Sources at the park office said that officials were hoping swimmer’s itch would be a non-issue this season, because water levels were lower than in previous years. They said that with water levels lower than normal, most of the vegetation that the parasite thrived in had died off leaving a much smaller ecosystem for them to live in.
According to the website, http://stateparks.utah.gov, swimmer’s itch is a microscopic parasite, called cercarial, that is typically found in shallow waters, and can cause an irritating rash when the human body is exposed to it. Cercarial is generally harmless the website reports, and can be found in bodies of water worldwide during the warmer summer months.
Washington resident Brytanee Randall said she went to Sand Hollow with two other families on Monday to swim in the cliff area. She said that she was aware of the parasites affinity for the parts of the lake with lots of vegetation so she thought the cliff area would be a better choice this visit. Unfortunately, however, she said that 11 out of the 12 people who went along that day got the itch, but she said the five children in their group got it the worst.
“All 5 were itching, but only 4 of them received bumps,” Randall said. “The thing that concerned me the most about it is that we seriously were at the lake for an hour, but my kids were crying so bad, because of how badly they were itching their skin.
“That’s never even happened before, ever – it’s never been the case that I took my kids to Sand Hollow and they were itching even before we even left the park,” she added.
Randall said that the children spent only 30 minutes in the water before they were crying and begging to get out. She said the red splotchy hives appeared quickly and there was little she could do to sooth her crying children.
The incident was so alarming to her that on Tuesday she said she posted pictures to Facebook, because she felt other parents should know the risks before they take their children. As of today, the image of Randall’s 10-year-old daughter has been shared almost 600 times.
“I am not trying to discourage people from going to Sand Hollow – I love Sand Hollow,” she said. “I just think people should know what they may be in for.”
Randall said that she has been visiting the park since the state created it, and that she enjoys playing in the water there. She said that last summer alone, her family went to Sand Hollow at least 12 times to relax and enjoy the beauty of the park. After Monday’s excursion however, she said she plans to visit Quail Creek State Park until the issue at Sand Hollow is resolved.
“I think I’m at least not going to take my kids there again anytime soon,” Randall said. “It’s one thing when you’re an adult and you know the possibilities, it’s another thing when you’re a kid and you have no choice in the matter.”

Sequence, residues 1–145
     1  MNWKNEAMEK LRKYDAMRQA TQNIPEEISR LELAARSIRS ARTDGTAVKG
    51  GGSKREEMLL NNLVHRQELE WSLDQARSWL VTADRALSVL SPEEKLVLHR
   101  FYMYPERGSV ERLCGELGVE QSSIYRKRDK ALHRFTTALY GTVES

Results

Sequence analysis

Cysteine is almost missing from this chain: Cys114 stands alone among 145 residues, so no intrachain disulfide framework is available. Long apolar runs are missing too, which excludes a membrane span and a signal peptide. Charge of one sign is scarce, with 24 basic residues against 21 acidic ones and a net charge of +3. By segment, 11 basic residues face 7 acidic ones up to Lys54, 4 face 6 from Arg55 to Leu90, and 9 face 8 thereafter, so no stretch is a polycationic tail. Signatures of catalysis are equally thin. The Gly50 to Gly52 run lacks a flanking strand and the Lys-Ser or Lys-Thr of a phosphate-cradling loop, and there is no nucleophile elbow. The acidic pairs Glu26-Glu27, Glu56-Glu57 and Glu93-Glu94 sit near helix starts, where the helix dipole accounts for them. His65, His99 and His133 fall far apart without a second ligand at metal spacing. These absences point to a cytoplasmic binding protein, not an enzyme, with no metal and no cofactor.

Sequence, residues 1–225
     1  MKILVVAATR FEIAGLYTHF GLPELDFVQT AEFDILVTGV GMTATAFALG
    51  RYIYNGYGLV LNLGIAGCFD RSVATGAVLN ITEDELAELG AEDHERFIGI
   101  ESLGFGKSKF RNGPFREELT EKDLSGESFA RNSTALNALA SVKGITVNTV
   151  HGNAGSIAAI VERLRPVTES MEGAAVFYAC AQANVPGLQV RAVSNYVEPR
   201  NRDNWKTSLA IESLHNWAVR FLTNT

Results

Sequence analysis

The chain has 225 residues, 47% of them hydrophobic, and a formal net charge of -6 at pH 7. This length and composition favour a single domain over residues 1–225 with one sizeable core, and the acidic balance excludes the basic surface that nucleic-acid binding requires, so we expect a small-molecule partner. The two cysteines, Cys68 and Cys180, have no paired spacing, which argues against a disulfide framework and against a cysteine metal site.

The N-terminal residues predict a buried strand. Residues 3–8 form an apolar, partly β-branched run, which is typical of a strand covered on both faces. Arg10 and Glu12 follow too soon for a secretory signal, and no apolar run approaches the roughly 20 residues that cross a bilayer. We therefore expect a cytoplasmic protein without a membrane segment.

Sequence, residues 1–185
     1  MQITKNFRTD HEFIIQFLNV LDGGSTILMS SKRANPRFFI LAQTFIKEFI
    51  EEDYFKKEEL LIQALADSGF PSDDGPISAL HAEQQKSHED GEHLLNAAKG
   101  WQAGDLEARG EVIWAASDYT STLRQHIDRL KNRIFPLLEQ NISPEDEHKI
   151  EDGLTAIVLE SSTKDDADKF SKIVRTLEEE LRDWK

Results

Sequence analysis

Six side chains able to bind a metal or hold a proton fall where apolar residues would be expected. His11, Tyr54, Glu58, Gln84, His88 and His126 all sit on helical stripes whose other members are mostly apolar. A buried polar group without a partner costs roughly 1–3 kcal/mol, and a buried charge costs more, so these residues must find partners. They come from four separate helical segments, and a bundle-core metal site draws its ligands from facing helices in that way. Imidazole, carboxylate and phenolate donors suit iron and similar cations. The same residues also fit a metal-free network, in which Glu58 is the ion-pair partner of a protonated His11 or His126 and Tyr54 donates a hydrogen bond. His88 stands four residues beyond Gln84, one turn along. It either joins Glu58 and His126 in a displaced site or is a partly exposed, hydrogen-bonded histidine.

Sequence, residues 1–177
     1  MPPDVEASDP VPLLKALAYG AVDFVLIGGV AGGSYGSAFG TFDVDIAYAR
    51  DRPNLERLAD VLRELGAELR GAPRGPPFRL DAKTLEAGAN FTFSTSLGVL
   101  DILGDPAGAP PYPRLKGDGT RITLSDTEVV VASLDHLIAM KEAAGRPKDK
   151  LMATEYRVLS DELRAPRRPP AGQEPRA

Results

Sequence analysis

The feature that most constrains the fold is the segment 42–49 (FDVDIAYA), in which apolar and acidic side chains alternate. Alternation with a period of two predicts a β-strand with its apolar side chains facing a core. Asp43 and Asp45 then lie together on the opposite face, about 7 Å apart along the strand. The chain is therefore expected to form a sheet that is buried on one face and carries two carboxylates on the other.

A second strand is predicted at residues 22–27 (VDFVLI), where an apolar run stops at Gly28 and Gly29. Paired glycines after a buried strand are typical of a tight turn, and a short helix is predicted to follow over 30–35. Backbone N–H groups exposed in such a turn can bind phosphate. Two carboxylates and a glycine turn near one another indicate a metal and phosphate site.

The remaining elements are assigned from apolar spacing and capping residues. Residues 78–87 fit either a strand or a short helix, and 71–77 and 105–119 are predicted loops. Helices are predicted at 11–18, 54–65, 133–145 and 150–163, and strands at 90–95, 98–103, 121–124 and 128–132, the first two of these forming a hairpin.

Sources at the park said that there are things that visitors can do to protect themselves from getting the itch both before and after getting in the water. They said these options are not foolproof solutions, but together, when consistently practiced, they have noticed a positive result.
First, they said it is very important to use sunblock, or tanning oil, because the oils in the lotion block the parasites ability to interact directly with human skin. In addition, they said to make sure to towel dry immediately after exiting the water.
Officials said there is an outside shower unit available in the parking lot near the loading dock and recommended taking a moment to shower off after exiting the water as well. Anyone who notices a rash, or begins to itch, should treat it in the same way they would treat a person with a poison ivy, or a chicken pox itch they said.
Randall said that the only time any of them felt relief from the itch was two days later after swimming in a salt-water pool. She said that until then, she had tried all of the typical methods of dealing with an allergic itch, but none of them had worked very well.
Officials said that not only do they want the public to know and understand what swimmers itch is, but that they also need the public’s help to better understand the full scope of the problem. It is very difficult to track how bad the problem is becoming, because many cases go unreported they said.
They said that so far this season, there were no reports until this week, and as of Wednesday, they had received 25 reported cases. They said they were not sure why there was a sudden increase, but that it may have to do with the water temperature increasing.
All cases of swimmers itch can be reported by calling 435-879-2378. If no one is available, officials ask that the caller try again until they actually reach an attendant. Important information requested by officials: How many adults were in the group; how many adults were affected; how many children were in the group; how many children were affected; specifically what part of the park was the group swimming in, and when?
More information about Sand Hollow State Park, and swimmer’s itch is available at http://stateparks.utah.gov